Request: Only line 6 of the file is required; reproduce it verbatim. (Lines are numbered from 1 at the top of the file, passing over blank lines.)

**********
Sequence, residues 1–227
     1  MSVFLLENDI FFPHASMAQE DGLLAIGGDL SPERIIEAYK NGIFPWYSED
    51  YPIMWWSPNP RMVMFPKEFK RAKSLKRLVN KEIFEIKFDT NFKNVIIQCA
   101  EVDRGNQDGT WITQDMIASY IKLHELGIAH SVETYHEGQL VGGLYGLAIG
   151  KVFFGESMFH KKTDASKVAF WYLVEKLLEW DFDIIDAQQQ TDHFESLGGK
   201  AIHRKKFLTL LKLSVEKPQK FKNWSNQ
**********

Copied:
   201  AIHRKKFLTL LKLSVEKPQK FKNWSNQ